“As an older gen Xer (46) I’m actually glad my family does not have a history of longevity. As my income is barely enough to live on (it’s tough being a single homeowner) I have no chance whatsoever to save for retirement. So my plan is to expect to drop dead of heart disease in my 60’s as everyone else on my father’s side of the family has done. Most of my friends are struggling to keep their heads above water, dealing with the aftermath of the housing bust and the layoffs that followed, and nobody is getting significant raises. Retirement for us is a pipe dream. We will work until we drop.”
Peter Verkooijen on Jan 8, 12:34 PM said:
“… I’m a Gen X’er, and the incomes of myself and my peers pale in comparison to those of our parents. Our parents were able to buy the nicest houses in the nicest neighborhoods on a single income as our moms stayed at home. Now, it takes two incomes to buy a crapshack in a marginal neighborhood.”
“I honestly think most of us “Gen X” — folks are used to being ignored. Not to try to speak for most of the others, I spent my youth going to half-empty schools and using anything “left over” (books, equipment, cars, buses) from the hordes that came before. I think many of us got used to watching TV shows for grown-ups as kids, watching kids shows as grown-ups (which all parents do) and similar. I was in college during the economic booms, and looking for jobs during the busts. Timing-wise and trend-wise, Gen X is in a bad spot.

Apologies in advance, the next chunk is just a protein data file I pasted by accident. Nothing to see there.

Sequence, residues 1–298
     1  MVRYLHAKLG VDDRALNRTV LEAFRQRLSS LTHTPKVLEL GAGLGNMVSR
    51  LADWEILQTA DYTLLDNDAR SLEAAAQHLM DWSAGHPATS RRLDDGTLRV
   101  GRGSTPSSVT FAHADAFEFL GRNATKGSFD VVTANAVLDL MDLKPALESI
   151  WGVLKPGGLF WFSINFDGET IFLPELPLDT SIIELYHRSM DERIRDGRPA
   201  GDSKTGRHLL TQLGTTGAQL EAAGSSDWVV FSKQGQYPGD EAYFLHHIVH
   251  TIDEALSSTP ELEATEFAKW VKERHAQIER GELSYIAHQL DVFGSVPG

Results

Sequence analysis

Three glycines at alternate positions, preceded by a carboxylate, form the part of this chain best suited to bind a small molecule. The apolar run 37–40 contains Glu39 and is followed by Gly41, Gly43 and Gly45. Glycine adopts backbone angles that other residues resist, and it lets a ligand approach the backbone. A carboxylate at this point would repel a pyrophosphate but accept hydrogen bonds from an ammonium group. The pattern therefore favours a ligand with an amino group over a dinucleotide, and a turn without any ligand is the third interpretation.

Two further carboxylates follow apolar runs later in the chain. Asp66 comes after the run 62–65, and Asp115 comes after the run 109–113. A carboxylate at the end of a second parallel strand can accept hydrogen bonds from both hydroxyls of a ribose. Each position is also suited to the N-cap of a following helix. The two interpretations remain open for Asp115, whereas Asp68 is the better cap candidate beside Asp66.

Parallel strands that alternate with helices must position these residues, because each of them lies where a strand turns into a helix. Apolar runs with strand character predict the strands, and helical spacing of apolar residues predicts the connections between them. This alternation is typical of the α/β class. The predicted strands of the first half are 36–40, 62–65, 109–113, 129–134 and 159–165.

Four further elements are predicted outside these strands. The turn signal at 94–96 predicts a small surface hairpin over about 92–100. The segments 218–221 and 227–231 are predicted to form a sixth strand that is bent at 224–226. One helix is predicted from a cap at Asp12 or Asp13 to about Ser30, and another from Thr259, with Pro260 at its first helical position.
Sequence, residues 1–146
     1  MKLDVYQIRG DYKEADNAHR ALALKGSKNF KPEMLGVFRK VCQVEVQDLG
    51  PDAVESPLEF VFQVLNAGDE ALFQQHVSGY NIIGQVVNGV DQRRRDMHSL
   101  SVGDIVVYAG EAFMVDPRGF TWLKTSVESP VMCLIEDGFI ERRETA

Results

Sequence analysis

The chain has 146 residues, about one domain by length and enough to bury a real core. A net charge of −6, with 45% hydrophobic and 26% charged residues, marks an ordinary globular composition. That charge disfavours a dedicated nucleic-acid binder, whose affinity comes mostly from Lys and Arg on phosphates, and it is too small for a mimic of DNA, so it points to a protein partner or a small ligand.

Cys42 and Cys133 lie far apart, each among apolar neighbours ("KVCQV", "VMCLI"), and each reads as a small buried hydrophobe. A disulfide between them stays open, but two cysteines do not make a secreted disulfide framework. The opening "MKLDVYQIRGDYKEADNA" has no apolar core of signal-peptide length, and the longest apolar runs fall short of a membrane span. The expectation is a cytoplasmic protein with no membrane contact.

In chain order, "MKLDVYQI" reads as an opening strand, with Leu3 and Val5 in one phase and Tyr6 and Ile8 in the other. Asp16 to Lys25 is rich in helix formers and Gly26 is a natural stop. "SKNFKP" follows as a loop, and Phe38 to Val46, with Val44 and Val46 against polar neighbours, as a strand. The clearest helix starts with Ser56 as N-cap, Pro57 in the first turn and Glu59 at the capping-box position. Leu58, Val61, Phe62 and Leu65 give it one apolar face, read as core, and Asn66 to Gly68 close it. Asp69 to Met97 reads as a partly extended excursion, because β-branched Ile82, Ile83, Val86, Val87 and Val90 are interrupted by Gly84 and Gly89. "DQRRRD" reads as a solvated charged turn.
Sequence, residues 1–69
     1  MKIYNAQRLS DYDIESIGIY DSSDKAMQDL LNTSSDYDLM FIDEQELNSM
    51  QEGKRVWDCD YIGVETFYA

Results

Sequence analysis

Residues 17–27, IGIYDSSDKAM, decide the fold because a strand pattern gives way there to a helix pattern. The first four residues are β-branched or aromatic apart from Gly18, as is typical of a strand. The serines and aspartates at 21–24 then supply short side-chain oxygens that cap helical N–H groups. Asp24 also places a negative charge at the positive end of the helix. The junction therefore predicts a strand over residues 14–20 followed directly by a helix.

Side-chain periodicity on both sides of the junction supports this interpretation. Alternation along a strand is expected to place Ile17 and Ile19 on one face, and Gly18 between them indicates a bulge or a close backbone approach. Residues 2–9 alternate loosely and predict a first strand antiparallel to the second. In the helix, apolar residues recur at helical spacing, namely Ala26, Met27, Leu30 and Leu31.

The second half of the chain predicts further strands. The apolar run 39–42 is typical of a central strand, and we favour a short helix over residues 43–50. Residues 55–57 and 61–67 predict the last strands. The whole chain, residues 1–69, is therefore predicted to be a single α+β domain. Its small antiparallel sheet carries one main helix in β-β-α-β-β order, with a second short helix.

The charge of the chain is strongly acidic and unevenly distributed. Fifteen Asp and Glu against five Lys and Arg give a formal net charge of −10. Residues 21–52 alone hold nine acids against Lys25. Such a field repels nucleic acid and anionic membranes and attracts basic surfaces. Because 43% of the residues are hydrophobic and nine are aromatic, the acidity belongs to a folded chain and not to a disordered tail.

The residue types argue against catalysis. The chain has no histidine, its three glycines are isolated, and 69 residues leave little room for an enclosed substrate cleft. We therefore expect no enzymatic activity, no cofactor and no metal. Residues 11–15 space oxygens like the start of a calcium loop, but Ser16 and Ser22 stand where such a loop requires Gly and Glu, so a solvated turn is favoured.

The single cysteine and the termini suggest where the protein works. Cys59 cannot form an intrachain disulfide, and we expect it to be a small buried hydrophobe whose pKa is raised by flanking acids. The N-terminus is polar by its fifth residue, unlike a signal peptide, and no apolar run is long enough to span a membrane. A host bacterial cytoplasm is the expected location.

I have come to expect little in the way of hand-outs and help. When help does come, it is very welcome, and I’m thankful. However I have come to expect more famine than feast. I think of Gen X as the starving squirrel — we haven’t seen much springtime but when it comes we will likely be financially conservative and put it away for next winter.”